But Mayer’s not satisfied with merely reaping some mid-career goodwill. In fact, he has a new ambition: restore the role of the singer-songwriter as truthsayer, thought leader and moral guide. “Believe me when I tell you,” he says, “there is going to be a massive shift toward telling the truth again.” Which sounds, coming out of Mayer’s mouth, a little bit like trouble.
Last year, for his 40th, Mayer and some pals blew up a Winnebago. This was in Montana, a little ahead of his actual birthday. Chad Franscoviak, Mayer’s longtime sound engineer, arranged the whole thing, a surprise dinner theater-type excursion in which Mayer and some other “good guys” jumped in a vehicle loaded with paintball guns to chase some “bad guys” to their hideout -- the vintage Winnebago, tucked in a quarry. Mayer and Franscoviak loaded it up with actual explosives, Mayer fired an actual 50-caliber rifle into it, and ... kablooey. Then they sent their cars off a cliff.
Laying waste to the motor home gave Mayer the same “so giddy you need to pee” feeling he remembered as a kid with a group, ditching a boy they didn’t want to hang out with. It was not, in other words, a mellow embrace of middle age. Mayer only made peace with the onset of his 40s after a few more months of “kicking and screaming,” but what’s surprising is that he stopped kicking and screaming at all. “I probably had a run in my life where I wasn’t aware that there was anything I couldn’t have. And it made a monster out of me,” says Mayer, echoing, consciously or not, his comments about the male contract. “And there’s something very freeing about you can’t. And that’s about the right age in your life where you go, ‘Yeah, you can’t.’”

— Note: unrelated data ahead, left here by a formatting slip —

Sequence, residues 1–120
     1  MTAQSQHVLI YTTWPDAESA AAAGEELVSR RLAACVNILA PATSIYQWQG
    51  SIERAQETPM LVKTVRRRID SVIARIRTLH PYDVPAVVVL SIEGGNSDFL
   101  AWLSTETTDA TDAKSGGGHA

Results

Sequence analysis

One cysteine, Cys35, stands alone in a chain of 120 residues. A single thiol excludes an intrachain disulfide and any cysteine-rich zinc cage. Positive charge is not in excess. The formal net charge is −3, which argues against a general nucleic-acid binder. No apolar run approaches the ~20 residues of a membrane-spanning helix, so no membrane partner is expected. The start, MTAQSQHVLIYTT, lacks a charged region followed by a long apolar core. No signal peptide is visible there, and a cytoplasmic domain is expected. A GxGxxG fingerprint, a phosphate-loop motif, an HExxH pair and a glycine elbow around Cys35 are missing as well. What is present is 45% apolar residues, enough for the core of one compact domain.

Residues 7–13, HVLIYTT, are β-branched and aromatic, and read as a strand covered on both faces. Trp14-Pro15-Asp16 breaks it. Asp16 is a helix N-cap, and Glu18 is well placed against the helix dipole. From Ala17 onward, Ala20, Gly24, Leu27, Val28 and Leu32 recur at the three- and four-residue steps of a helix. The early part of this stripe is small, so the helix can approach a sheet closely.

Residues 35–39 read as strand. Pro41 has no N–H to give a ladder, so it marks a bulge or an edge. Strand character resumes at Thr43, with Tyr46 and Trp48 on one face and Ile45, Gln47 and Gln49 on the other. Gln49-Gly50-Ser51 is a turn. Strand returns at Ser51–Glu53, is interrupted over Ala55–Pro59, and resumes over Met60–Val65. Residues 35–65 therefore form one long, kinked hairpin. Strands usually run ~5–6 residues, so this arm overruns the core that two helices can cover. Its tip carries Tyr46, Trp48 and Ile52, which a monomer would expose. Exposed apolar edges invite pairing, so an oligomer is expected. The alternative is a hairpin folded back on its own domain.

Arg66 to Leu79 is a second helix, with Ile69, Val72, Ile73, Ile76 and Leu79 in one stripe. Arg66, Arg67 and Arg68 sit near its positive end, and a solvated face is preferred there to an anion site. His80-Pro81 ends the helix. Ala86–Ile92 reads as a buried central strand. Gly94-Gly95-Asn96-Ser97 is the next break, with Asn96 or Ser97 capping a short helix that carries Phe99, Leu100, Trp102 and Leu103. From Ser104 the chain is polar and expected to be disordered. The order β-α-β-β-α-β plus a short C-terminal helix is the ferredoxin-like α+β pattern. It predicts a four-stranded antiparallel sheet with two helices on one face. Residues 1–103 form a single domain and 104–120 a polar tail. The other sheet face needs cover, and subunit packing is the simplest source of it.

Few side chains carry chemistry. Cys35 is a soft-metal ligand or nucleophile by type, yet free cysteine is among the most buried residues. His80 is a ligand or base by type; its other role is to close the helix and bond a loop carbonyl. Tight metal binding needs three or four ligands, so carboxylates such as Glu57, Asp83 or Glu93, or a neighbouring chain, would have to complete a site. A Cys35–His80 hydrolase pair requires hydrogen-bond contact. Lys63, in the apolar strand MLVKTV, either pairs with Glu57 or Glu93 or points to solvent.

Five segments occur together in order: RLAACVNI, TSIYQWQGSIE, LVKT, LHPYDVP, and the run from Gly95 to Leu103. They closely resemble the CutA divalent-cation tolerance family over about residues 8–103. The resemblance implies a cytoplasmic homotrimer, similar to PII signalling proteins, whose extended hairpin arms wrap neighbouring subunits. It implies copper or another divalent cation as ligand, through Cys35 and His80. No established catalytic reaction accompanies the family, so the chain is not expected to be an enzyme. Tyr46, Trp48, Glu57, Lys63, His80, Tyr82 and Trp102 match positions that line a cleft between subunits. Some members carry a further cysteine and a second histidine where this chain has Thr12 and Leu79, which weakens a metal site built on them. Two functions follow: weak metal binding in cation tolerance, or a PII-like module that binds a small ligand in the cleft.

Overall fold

And why would the younger Mayer have realized there were things he couldn’t have? Here’s a guy who obsessively practiced guitar in his Fairfield, Conn., bedroom as a teen, defied his educator parents to attend Berklee College of Music in Boston and, about three years after dropping out, signed to Columbia and officially released Room for Squares, the debut album that eventually went quadruple platinum.
It’s easy to forget, in the age of Drake and Cardi B, that in the ’00s, “Mayer” was synonymous with “mainstream.” He’s a key figure in late-stage rock, with a record seven No. 1s on the Top Rock Albums chart and 25 entries on the Hot Rock Songs chart, the most for any solo artist. He’s also a king of the Adult Top 40, Adult Contemporary and Mainstream Top 40 charts -- the realm of supermarkets and dentist offices, of everyday people in need of a pick-me-up.